Ofcom Market Report Reveals Move Away From Established TV Broadcasting
August 17, 2006
U.K. telecommunications regulator Ofcom released The Telecommunications Market 2006 report last week.
The 293-page report contains some interesting findings about trends in the communications industry, including TV broadcasting, and consumer usage of, and attitudes to, various communications services. One conclusion reached was that a new "networked generation" is turning away from TV, radio and newspapers in favor of online services, downloadable content such as Podcasts and participation in online communities.
In a result that's sure to concern traditional TV broadcasters, the report found that on average 16- to 24-year-olds in the United Kingdom spend one hour less per day watching television than the average television viewer. Their radio listening is lower too, by an average of 15 minutes per day compared to the wider population. One bright spot, however, is that among all groups, TV viewing increased slightly, by 11 minutes per week.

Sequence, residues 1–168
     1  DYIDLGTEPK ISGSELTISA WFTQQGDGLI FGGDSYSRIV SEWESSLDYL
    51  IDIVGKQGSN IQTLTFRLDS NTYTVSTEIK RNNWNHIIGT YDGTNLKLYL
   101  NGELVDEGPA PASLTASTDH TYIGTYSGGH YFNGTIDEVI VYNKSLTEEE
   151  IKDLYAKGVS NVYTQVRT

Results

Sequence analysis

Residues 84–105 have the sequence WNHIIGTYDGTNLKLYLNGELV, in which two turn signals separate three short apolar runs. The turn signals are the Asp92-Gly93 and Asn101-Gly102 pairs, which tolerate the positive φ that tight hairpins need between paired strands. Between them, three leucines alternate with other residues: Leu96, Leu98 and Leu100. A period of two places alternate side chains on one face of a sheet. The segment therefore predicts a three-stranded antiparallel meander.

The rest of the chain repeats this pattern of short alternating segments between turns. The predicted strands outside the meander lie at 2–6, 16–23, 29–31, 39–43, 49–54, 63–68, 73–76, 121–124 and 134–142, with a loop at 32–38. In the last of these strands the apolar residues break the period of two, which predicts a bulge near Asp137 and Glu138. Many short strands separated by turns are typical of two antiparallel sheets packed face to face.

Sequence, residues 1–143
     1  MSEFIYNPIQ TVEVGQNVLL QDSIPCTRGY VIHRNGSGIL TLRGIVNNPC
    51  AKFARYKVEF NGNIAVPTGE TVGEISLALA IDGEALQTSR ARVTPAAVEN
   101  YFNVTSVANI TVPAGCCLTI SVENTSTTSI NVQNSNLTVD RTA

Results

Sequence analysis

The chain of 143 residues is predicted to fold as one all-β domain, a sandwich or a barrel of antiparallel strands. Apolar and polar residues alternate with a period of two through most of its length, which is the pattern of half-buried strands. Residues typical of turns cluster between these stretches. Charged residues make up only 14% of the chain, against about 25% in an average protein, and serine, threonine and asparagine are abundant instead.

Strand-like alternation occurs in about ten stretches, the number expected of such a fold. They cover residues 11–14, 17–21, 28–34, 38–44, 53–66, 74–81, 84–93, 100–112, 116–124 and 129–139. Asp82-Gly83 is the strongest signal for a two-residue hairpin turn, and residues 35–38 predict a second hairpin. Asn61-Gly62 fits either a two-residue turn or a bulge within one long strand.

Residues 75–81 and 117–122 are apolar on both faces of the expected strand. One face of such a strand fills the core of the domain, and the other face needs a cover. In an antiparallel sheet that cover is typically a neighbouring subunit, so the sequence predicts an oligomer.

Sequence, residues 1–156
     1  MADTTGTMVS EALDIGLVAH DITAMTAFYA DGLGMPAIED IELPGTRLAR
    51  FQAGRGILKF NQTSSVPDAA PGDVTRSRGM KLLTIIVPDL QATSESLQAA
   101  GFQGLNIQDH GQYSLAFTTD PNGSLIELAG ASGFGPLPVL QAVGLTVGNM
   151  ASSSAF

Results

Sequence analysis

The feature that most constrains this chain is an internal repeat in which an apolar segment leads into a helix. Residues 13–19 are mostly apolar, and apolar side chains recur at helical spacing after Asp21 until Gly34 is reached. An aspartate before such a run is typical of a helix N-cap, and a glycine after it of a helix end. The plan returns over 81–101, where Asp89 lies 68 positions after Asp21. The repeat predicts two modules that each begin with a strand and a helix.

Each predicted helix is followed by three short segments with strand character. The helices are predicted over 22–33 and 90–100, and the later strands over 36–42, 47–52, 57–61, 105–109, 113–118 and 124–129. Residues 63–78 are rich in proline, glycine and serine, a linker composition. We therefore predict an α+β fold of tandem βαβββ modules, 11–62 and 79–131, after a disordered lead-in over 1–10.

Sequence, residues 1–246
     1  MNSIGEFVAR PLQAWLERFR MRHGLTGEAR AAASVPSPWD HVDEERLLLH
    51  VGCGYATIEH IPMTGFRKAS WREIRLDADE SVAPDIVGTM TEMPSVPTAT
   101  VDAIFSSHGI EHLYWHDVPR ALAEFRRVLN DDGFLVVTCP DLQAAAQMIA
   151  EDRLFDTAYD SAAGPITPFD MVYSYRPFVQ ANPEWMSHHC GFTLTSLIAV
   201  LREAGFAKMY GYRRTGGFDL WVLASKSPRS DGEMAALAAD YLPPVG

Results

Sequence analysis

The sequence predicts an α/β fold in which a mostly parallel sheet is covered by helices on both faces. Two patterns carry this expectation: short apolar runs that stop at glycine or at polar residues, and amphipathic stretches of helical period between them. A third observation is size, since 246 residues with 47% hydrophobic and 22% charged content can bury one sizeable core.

Digital television, consisting of both satellite and terrestrial Freeview channels, is growing in popularity. Freeview households spend more time watching digital-only channels than any of the five main public broadcasting channels, but the public service broadcasters' own digital-only channels are gaining audience, with total viewing increasing nearly 6 percent between 2001 and 2005. Free TV remains popular and Freeview was the main driver of multichannel TV growth, adding 2.0 million homes in the 12 months ending March 2006. The report said there are now 7.1 million homes in the U.K. in which the main set receives digital terrestrial TV.
While the TV broadcasting model in the U.K. is quite different from that in the U.S., it is interesting to see that subscription revenues in 2005 were up by 8.5 percent to 3.9 billion pounds ($7.3 billon) for all pay TV services, exceeding commercial television advertising revenue in 2005 by almost 10 percent. Overall TV industry revenues increased 4 percent in 2005 compared with 2004.